Talent Management is the combined organizational effort to attract, develop, and retain employees. Effective talent management is manifested in an organization’s ability to obtain and retain a range of individuals with different abilities and skill sets that are paramount to the innovation, development, promotion and sale of an organization’s products or services to the market. When an organization is successful at managing its talent, the organization often meets the strategic goals and objectives essential to achieving a competitive advantage.
What are the Components of Talent Management?
Keeping employees engaged and motivated to remain with the organization long-term is the ultimate goal of talent management that is achieved through a combination of activities executed by both the HR function and management.
Talent acquisition, typically under the HR wheelhouse, is the gateway to talent management where initial employees are recruited and hired. Beyond the initial attainment of talent, there are five key activities facilitated by an employee’s manager that help keep employee interest in working for an organization intact.
Initial employee education geared around fundamental organizational principles, job role requirements, and manager expectations is pivotal to early employee engagement and satisfaction. When employees have a clear understanding of the organization, what their role encompasses, and what goals they are working toward to help the company be successful, they acclimate to their jobs faster and have a higher sense of ownership over their performance.
Tip: Be intentional with employee orientations. If the employee feels as though the work that he/she will contribute is valued by the organization as a whole, he/she will be more motivated to meet and exceed performance expectations—adapting to a new workplace climate with speed and excellence.
Employee Training Programs
All employees value the opportunity to refine and develop skills related to their position. Training that is informative, engaging and easily accessible can help employees cultivate the knowledge required to help them become great at their jobs. When it comes to training, the method of delivery, the quality of the training content, and the frequency it is delivered are important aspects that management should prioritize when developing a talent management strategy.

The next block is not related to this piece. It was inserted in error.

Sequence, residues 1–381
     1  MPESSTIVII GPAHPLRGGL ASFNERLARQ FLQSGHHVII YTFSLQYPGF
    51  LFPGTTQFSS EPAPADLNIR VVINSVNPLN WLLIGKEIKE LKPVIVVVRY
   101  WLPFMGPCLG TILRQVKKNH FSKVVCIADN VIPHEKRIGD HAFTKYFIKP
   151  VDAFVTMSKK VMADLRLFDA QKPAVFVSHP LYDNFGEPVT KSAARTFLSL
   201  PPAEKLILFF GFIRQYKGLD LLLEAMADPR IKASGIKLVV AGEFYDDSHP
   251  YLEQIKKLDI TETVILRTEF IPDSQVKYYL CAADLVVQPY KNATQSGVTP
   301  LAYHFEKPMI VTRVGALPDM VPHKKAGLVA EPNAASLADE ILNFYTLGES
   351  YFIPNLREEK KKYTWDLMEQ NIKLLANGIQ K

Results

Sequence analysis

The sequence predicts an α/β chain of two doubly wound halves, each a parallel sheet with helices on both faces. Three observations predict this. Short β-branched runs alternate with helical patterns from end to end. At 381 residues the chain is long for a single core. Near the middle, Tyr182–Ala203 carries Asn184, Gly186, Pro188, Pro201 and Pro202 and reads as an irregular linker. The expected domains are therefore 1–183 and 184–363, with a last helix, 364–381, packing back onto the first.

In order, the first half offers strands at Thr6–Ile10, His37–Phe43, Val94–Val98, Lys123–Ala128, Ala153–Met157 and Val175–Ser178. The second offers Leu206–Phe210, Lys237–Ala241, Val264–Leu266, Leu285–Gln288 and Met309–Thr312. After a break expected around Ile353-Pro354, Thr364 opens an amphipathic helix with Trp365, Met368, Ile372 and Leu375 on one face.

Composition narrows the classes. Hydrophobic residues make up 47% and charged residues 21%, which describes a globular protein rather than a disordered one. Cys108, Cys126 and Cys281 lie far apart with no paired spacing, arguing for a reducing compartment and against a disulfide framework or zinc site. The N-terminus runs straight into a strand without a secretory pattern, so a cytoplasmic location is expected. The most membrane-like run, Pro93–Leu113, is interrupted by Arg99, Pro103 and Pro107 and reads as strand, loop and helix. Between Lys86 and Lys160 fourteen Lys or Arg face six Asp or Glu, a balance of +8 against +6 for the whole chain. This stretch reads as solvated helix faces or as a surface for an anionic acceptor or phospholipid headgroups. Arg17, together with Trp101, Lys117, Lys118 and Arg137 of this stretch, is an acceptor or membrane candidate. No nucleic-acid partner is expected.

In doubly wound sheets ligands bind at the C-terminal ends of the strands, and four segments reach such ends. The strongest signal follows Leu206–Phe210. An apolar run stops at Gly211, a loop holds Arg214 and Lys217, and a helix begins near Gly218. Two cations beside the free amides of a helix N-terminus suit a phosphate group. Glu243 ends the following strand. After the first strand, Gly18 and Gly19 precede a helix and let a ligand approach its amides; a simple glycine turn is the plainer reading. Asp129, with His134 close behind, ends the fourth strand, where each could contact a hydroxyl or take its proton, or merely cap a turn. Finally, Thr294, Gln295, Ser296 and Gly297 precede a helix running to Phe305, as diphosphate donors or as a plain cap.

Tip: Deliver training regularly. Not only does ongoing training appease employee desire for improved efficiency and an understanding for existing responsibilities, but it satisfies a deeper desire for career advancement that can be achieved through the development of critical skills within an employee’s department. It also helps management raise awareness of the pace of change as the market grows and matures—ensuring that every employee is positioned to help the organization be successful now, and in the future as new technologies emerge.
Often viewed as an element of a successful training program, coaching is an effective way to teach, motivate and inspire employees to help the organization meet its strategic goals and objectives. Typically, coaching is a 1:1 phenomenon where knowledge is transferred from a senior employee (manager) to less experienced employee. Coaching can help management draw out roadblocks, frustrations, and needs from employees—helping managers approach employees with workable solutions.
Tip: Don’t just spend time with your underperformers—your overachievers crave mentorship too, and often feel their contributions are valued in 1:1 sessions as they receive recognition and feedback on how to improve further.
Performance Evaluation & Management
Employees care as much as their managers do about their performance, and when they’re in the dark they’re quick to feel unappreciated and undervalued—leading them to look elsewhere for employment. Regular performance evaluations are essential to helping employees understand responsibilities, workload priorities, and how their contributions impact the organization’s success.
Tip: Give employees public recognition when they’ve done a good job, don’t wait until their annual review to give them kudos in private. In doing this, managers can highlight the tactics of high performing employees that can be emulated by others, as well as keep the employee or team that has been recognized satisfied and committed to continued excellence.
What does your top talent constantly have on their mind? Advancement. High performers are motivated to succeed in existing roles when the opportunity for advancement is within grasp. To retain talented employees, an organization must have opportunities for them to grow. To do this, management must keep a keen eye out for exemplary performers and make efforts to ensure they are set for success when a new position within the company becomes available.
Tip: Be transparent with your top talent by letting them know that you see potential in them to assume a new role down the line. If employees see a future in the organization and are backed by a manager committed to furthering their success they will be much less likely to jump ship and look for a new job.
Talent is the lifeblood of any organization. To keep up with market demands, technological innovations, and the changing industry landscape, an organization must maintain a range of individuals who are gifted in different skillsets to sustain or obtain a competitive advantage. Thus, a sustained approach to managing talented employees is central to the survival of the business.
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